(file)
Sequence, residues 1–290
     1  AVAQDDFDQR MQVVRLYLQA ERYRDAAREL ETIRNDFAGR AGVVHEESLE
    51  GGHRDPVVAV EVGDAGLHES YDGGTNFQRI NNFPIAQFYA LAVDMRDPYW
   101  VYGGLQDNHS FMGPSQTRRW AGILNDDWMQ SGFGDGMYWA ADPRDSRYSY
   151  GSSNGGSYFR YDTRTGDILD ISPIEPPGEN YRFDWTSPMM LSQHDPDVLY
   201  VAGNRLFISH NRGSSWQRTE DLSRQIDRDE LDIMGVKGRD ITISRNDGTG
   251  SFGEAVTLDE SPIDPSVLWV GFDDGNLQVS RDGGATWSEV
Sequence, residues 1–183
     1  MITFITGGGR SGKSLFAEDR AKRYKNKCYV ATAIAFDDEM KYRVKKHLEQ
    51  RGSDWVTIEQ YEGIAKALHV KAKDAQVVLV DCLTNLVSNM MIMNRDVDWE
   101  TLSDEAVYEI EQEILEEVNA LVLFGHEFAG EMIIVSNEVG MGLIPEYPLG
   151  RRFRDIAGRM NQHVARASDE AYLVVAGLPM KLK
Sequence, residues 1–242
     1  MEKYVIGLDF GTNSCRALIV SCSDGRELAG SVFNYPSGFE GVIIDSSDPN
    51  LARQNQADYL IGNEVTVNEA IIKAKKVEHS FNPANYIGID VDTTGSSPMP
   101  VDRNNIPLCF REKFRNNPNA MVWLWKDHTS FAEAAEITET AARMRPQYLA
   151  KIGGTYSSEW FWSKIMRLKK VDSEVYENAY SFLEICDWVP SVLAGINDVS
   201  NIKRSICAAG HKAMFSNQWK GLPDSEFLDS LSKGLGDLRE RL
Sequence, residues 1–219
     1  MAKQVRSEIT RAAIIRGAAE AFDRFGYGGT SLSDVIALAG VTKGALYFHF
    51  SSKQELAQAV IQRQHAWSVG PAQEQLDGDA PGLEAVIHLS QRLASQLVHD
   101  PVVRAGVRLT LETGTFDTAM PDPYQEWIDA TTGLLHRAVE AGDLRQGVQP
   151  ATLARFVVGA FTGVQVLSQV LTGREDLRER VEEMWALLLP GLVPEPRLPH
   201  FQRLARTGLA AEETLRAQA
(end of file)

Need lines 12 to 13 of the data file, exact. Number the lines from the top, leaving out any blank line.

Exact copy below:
   151  RRFRDIAGRM NQHVARASDE AYLVVAGLPM KLK
Sequence, residues 1–242